With Isaac slowly moving north through the Louisiana and Mississippi area, it seems appropriate to provide those who may be suffering the effects of this storm with an analysis of total loss. I wrote about Louisiana a few weeks ago, and now I turn to Mississippi.
As with many other states, Mississippi’s definition finds its roots in fire insurance. As mentioned before, this standard for fire losses can easily be used to cover losses from windstorms or nearly any other type of disaster. In 1935, the Mississippi Supreme Court recognized that,
The courts have had considerable difficulty in determining what constitutes the total loss of a building by fire within the meaning of policies of insurance.1
The Court further recognized that,
[T]wo conflicting rules have been adopted, which are as follows: One rule-and it is the earlier one -provides that a total loss has been sustained whenever the building has been so injured as to lose its identify and specific character as such; and the other declares that it is not totally destroyed so long as a substantial remnant remains which a prudent uninsured person would use in rebuilding; and the reported decisions are founded on one or the other of these rules.2
The Mississippi Court turned to Minnesota for assistance. Citing to Northwestern Mutual Life Insurance Company v. Rochester German Insurance Company,3 it reasoned,
Where the line is to be drawn between these two conditions is, in each particular case, a question of fact. It adds nothing to say that total loss occurs when the identity and specific character of the structure is destroyed. We receive no aid from the suggestion that total loss ensues when the reconstructed building would be recognized as a new, rather than the old, structure. No light is thrown on the situation by the declaration that total loss follows from the fact that the remnants constitute a mass of ruins, for amidst the ruins may remain a substantial part of the building. In arriving at a determination of what a prudent owner would do under such circumstances, it is proper to consider not only the condition of the walls standing, whether they are suitable, in place, to be used as a part of the reconstruction, but also the relative value of such walls, in place, as compared with the cost of rebuilding. It does not follow that, because some part of the remnants may be utilized, in place, there is not substantial and total destruction and loss. The law will not take note of trifles in this respect. It follows that there must remain a substantial part of the building in place, which, with reasonable repairs, can be used in its reconstruction. What such substantial part is a question of fact depending upon the nature and cost of the structure and the character and condition of the remaining parts.4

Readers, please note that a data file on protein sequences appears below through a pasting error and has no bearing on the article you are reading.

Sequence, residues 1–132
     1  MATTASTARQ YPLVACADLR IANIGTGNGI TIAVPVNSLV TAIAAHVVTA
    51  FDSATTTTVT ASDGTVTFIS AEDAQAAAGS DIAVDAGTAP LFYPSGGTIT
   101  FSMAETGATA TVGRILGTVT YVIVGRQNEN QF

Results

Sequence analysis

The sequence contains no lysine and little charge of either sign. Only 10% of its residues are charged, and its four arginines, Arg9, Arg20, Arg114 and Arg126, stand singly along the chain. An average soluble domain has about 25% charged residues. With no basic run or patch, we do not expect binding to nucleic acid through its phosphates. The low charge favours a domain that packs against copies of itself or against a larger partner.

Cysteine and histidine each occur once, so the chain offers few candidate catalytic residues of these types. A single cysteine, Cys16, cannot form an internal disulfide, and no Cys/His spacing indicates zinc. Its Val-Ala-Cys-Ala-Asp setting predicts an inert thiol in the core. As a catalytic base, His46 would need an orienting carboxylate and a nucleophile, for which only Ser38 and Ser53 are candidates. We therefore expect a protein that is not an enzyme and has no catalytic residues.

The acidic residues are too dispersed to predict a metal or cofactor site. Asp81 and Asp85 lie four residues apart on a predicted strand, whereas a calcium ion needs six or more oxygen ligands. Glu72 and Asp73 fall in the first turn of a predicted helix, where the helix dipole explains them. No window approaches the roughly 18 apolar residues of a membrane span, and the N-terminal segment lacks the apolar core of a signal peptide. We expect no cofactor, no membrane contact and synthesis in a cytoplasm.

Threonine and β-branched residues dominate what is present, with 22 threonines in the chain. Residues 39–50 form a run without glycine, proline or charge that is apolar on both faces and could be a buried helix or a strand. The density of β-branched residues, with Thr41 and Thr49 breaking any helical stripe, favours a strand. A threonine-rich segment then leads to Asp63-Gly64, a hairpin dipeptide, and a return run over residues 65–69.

Ultimately, the Court held that,
[S]ubstantial parts of a building must remain in place, above the foundation, in order to prevent the destruction of the building from being total. If only the foundation of the building remains in place, the building is totally destroyed within the meaning of the policies, although some parts of the building remain in such condition as to be of value as salvage.5
1 Franklin Fire Ins. Co. v. Brewer, 159 So. 545, 548 (1935).
3 Northwestern Mutual Life Ins. Co. v. Rochester German Ins. Co., 88 N. W. 265, 270 (Minn. 1901)
4 Franklin Fire, 159 So. at 548.